The Harddisk was just an example, check for other devices, maybe the harddisk controller or the graphics card (I don't have vmware here so I cannot check) – tante Nov 2 '10 at 8:25

This worked better for me as it gives me specific information about the manufacturer and the product name.

dmidecode -t system|grep 'Manufacturer\|Product'

Output on Dell server:

Manufacturer: Dell Inc.
Product Name: PowerEdge C5220

Output on Virtualbox VM:

Manufacturer: innotek GmbH
Product Name: VirtualBox

Output on KVM/QEMU:

Manufacturer: QEMU
Product Name: Standard PC (i440FX + PIIX, 1996)

This is great for scripts that can parse these out for better identification of servers... but if you use Chef in your infrastructure, you can check the node attribute Virtualization -> system in the chef server .

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Run:

$ dmesg |grep -i hypervisor
Hypervisor detected: KVM
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well, the most intuitive way I always do is:

$ dmesg | grep -i vmware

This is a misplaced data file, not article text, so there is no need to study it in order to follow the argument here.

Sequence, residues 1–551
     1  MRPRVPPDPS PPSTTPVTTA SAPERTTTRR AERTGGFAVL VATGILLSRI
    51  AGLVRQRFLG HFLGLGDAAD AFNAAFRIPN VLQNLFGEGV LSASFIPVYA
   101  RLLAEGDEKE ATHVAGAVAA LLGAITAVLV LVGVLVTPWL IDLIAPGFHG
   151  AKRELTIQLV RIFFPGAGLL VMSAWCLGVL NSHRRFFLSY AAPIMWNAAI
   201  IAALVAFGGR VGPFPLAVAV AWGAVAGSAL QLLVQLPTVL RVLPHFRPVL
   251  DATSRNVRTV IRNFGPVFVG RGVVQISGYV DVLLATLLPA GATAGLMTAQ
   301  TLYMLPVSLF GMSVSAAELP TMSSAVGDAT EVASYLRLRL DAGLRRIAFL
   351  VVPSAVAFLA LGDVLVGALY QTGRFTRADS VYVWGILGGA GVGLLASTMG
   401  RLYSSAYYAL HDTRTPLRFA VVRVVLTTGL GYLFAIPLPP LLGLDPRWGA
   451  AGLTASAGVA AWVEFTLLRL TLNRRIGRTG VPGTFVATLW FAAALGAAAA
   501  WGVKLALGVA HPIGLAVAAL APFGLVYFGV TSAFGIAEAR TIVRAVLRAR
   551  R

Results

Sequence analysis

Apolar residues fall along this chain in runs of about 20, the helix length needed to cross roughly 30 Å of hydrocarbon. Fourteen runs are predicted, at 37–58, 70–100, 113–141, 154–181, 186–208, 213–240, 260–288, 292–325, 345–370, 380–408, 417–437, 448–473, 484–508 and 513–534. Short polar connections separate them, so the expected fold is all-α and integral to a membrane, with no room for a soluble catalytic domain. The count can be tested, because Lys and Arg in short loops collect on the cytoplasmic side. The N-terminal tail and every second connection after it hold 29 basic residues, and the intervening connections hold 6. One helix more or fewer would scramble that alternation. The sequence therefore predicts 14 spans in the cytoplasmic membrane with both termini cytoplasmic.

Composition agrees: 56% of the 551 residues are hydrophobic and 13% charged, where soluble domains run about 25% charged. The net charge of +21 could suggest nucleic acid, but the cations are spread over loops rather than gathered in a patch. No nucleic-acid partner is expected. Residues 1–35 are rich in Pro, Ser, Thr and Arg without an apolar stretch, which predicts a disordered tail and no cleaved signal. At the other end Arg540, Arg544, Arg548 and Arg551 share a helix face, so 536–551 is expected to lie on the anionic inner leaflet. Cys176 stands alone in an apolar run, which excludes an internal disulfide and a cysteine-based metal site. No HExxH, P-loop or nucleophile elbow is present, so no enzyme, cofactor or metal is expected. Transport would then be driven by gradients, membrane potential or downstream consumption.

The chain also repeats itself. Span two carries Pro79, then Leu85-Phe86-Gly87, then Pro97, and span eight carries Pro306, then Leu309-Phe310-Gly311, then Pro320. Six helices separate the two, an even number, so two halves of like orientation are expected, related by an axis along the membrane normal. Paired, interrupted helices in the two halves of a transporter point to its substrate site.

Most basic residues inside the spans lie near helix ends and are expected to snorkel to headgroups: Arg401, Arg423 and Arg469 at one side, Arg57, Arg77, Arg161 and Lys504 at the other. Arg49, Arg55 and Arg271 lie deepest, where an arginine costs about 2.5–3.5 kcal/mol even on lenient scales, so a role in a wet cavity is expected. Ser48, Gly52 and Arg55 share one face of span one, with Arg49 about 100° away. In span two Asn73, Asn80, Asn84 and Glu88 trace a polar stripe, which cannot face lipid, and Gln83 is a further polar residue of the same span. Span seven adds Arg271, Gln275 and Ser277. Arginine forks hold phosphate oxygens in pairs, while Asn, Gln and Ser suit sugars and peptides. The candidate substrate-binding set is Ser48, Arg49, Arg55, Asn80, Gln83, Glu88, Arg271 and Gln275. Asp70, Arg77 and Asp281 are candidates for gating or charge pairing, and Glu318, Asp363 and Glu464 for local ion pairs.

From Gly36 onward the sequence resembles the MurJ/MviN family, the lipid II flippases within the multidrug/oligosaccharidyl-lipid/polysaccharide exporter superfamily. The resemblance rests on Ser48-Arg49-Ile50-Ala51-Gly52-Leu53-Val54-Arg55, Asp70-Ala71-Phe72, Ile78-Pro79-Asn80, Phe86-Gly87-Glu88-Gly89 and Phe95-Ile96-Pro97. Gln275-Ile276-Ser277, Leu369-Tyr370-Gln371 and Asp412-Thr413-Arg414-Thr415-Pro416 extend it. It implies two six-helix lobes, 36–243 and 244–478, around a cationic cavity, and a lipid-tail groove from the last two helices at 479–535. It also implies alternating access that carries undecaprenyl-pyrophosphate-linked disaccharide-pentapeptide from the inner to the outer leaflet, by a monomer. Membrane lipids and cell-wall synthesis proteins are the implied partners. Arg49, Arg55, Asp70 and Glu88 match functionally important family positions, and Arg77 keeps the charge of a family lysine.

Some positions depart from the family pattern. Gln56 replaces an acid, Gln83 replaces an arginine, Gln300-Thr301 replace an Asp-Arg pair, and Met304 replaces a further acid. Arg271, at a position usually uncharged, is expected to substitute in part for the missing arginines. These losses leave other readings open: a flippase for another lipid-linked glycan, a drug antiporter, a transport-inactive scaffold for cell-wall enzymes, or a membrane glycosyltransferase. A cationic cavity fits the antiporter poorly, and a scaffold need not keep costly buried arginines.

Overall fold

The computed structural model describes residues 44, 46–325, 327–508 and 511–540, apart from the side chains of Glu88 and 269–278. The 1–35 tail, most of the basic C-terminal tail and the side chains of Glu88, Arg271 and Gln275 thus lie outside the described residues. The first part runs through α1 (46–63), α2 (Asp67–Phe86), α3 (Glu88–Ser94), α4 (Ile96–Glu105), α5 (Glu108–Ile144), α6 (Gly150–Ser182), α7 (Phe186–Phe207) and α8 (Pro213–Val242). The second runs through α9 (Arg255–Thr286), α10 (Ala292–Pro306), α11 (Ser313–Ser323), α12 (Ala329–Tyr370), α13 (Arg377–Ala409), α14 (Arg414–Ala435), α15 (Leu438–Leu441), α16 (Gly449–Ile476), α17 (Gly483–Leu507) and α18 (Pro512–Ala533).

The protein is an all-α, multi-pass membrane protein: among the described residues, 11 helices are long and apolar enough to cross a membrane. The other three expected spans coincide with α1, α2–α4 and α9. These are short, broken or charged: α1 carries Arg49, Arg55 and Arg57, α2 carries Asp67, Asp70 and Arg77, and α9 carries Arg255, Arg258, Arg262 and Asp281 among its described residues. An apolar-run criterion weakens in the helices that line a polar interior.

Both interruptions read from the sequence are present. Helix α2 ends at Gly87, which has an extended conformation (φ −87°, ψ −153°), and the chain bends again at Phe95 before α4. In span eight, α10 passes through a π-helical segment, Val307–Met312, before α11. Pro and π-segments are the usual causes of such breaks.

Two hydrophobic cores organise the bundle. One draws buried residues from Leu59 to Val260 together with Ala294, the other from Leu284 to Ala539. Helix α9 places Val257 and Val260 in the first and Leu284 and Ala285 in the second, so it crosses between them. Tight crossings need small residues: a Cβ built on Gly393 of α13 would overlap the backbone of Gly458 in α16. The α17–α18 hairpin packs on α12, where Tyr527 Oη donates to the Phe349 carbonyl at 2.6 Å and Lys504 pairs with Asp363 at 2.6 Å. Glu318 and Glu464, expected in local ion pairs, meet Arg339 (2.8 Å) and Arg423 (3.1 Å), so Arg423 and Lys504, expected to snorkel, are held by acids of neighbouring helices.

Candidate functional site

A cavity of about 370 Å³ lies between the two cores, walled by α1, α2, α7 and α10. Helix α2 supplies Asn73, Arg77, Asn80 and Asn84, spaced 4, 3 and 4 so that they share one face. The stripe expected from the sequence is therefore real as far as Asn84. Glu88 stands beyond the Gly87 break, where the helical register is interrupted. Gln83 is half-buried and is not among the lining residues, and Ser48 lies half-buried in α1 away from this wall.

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nice - this works on virtual box: dmesg | grep -i vbox - ACPI: RSDP 000e0000 00024 (v02 VBOX ) – Danny Staple May 9 '13 at 14:40

I have done it:

hypervisor=`dmesg --notime | grep -i hypervisor | cut -d ':' -f2 | tr -d " \t\n\r"
echo "Hypervisor is $hypervisor"

It helps on scripts

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All of these answers work in some cases but not others.

For example, you can depend on dmesg while boot-up log details are still in the ring buffer, but it will likely fail on a machine that has been running for any length of time. Worse, a message might be logged by the bare metal OS concerning a running hypervisor, in which case a naive test like dmesg | grep -i vmware will return a false positive.

Testing under Docker is quite different. Docker has no /proc/cpuinfo of its own; instead it passes on the host machine's info. Meanwhile, dmidecode fails trying to read a directory /dev/mem not seen by Docker.

virt-what has detection for Docker containers, but needs to be patched to cope with a recent change in container privileges. It crashes trying to access /proc/1/environ before it reaches the tests for Docker.

It is important to pay attention to the virt-what caveat emptor :

Most of the time, using this program is the wrong thing to do. Instead you should detect the specific features you actually want to use.

In my case, publishing a tutorial that installs a ton of crap users may not want after all, I refuse to let it run on bare metal, with this test :

[[ 0 < $(grep -c docker /proc/1/cgroup) ]] || [[ "X$(sudo virt-what)X" != "XX" ]] && export VIRTUALIZED=true;